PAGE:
Friday, May 08, 2009

Welsh weekend II

Somewhat after the event, I return to my visit to Newport. On Sunday, I really wanted to go looking for the canal, but Ali had decided that first of all a visit to Abergavenny would be in order. I'm not 100% sure why; this may be the 21st century and all, but there still isn't a great deal of entertainment to be found in a small Welsh town on a Sunday.

So we came back, and then I said, we must go and find the canal now. But we had no idea where to start really, and we hadn't taken the map with us. We started off going completely the wrong way, heading for the area that was named in the photo of locks I'd seen in the pub. I knew it didn't feel right though; we were headed up hill and into the posh bit of town. So we turned around, and found ourselves watching a great bigh parade of scouts, sea cadets etc. What was this, we asked one of the marshalling policemen. St George's Day parade, it turned out to be. In Wales? How odd.

Anyway, Ali has a friend who lives in Canal Street. This I thought was an enormous clue, but, unfortunately, she could never remember how to get to her friend's house. Out past Wickes and by the dual carriageway, a guy in the pub had said, so we set off in that direction. And sure enough, there it was.

My first sight (since the school trip to Ironbridge in 1982) of a disused canal. Now, you can either follow the main line towards Cwmbran, or the Crumlin Branch, to a place called Fourteen Locks, which is apparently very pretty. According to this sign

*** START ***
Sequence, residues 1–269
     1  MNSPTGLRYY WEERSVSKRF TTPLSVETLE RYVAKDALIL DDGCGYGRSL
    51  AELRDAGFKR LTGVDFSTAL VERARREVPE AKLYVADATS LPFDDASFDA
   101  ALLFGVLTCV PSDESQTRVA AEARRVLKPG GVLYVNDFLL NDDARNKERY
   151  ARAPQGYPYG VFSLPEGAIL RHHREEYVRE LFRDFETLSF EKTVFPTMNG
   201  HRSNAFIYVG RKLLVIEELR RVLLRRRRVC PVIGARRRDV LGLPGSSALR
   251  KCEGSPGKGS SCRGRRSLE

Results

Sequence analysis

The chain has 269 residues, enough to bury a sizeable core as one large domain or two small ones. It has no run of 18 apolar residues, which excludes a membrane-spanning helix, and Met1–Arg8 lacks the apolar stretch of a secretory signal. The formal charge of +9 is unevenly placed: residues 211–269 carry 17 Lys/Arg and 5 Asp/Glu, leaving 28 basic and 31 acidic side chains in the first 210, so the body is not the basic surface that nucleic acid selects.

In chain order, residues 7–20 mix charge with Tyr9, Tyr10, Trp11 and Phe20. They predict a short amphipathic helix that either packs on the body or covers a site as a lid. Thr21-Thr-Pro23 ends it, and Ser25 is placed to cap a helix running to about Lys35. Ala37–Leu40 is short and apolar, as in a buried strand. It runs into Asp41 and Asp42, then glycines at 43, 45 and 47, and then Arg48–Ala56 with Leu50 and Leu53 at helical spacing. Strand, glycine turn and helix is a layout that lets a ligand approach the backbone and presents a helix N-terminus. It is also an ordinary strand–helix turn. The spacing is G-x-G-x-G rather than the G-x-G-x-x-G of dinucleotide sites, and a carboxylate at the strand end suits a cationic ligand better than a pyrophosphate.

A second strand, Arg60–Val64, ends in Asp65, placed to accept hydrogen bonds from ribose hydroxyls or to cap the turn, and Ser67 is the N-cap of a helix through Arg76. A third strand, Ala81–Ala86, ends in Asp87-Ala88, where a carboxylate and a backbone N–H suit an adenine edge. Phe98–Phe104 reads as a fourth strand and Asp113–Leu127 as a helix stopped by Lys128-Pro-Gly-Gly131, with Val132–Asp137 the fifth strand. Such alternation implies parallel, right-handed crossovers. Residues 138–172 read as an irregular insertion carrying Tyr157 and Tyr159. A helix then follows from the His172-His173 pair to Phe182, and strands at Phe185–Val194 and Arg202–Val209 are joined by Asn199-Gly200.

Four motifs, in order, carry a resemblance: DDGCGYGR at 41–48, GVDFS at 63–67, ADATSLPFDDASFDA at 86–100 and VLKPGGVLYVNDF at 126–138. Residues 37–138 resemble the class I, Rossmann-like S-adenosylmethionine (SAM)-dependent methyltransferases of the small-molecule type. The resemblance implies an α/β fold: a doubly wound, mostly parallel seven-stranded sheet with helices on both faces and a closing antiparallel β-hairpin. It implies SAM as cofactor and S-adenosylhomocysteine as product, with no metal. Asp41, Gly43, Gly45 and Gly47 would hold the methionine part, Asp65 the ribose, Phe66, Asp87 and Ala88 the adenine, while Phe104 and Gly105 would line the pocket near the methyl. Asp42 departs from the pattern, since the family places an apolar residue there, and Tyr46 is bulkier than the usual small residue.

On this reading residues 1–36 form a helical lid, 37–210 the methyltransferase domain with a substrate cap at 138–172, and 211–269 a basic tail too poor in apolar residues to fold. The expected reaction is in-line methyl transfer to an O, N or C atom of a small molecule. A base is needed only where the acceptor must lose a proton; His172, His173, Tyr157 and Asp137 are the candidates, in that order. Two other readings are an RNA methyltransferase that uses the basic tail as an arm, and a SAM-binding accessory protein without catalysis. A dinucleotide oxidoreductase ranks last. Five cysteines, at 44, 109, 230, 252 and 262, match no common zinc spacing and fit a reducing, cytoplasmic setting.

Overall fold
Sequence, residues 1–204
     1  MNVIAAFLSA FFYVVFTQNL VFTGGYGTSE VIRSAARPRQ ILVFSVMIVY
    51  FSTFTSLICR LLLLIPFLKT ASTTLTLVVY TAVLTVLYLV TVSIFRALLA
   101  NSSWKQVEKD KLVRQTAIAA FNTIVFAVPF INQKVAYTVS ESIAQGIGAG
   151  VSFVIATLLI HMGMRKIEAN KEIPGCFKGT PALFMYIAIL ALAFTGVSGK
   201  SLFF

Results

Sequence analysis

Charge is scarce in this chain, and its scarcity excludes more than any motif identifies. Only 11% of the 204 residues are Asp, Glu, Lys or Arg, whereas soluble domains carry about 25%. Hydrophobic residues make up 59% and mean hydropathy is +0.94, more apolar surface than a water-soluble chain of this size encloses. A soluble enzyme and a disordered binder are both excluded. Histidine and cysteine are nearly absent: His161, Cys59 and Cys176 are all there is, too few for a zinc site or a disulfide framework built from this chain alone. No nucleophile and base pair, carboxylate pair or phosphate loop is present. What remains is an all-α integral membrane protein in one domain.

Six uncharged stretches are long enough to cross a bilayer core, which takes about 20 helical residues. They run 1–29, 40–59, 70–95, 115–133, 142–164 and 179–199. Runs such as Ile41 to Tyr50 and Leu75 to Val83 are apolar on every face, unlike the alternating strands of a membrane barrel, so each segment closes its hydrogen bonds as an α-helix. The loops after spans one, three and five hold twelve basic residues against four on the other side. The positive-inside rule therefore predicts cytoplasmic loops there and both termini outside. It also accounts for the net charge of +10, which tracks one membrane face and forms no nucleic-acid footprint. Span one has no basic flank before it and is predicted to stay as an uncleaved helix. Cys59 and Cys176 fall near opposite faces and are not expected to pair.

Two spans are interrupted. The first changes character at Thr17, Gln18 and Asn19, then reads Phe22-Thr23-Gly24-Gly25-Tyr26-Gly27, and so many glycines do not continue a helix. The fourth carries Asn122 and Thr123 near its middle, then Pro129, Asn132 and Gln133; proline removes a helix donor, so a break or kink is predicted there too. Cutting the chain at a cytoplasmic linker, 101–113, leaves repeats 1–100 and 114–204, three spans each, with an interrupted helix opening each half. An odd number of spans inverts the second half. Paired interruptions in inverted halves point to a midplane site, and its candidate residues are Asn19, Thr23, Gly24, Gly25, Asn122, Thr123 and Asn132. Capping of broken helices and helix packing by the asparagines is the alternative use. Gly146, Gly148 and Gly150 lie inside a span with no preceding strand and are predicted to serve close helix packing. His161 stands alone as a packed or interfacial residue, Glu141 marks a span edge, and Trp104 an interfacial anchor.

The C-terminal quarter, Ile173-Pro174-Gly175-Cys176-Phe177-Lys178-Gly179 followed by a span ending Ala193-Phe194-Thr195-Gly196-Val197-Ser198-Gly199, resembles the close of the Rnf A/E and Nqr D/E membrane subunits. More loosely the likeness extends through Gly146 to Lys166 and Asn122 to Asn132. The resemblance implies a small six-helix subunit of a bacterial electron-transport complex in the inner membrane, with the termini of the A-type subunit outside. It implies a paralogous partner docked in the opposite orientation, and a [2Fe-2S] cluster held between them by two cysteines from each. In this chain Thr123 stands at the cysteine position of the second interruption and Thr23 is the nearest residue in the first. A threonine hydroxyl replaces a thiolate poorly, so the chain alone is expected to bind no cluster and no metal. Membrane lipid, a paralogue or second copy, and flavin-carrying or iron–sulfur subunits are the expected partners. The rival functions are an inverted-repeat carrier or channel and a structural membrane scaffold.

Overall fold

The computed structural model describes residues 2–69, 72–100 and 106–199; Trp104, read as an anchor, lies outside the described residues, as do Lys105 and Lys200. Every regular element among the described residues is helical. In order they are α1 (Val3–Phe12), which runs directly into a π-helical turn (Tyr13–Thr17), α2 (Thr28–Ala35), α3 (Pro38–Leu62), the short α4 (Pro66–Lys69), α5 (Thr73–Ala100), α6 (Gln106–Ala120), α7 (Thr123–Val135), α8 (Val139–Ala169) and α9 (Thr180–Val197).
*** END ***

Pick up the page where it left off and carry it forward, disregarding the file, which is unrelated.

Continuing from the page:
we took the latter route, although it did not entail turning off; the other route forked off to the right under the road, where the canal ran in a concrete trough.

The first couple of locks, although dry, had new gates, which was rather intriguing. I know there are plans to restore the canal from where it is currently navigable to all the way down to Newport, where apparently it will join the Usk (I just read about this in the IWA magazine).
I guess there must be a reason for starting at the furthest end. As we progressed away from Newport the canal got more overgrown, and the locks more derelict.
However, none looked irretrievable. There were also some lovely relics that had somehow survived without being removed to a museum or scrapyard.

We never got as far as Fourteen Locks, as it had been a long day, I had a cold, and we were still carrying our shopping. But it was a lovely walk and I only wish we'd started it sooner and made a day of it.

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